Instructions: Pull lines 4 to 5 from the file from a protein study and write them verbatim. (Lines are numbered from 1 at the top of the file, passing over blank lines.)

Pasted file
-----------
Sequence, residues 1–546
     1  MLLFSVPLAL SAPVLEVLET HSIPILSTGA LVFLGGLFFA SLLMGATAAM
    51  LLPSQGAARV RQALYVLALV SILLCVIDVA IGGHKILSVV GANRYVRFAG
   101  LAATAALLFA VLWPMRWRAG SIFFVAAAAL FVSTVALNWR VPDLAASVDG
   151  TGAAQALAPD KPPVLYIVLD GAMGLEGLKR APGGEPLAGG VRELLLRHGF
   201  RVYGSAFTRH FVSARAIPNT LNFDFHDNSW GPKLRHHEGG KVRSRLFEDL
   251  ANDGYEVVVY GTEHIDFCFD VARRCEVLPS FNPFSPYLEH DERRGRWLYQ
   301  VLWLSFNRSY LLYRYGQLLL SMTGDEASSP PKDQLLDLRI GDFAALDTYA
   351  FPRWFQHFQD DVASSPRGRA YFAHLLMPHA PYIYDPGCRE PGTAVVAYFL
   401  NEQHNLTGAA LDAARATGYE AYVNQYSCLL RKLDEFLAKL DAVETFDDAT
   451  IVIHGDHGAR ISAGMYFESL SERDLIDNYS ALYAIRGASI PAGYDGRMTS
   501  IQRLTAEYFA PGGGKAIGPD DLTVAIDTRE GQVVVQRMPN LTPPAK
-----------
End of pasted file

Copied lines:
   101  LAATAALLFA VLWPMRWRAG SIFFVAAAAL FVSTVALNWR VPDLAASVDG
   151  TGAAQALAPD KPPVLYIVLD GAMGLEGLKR APGGEPLAGG VRELLLRHGF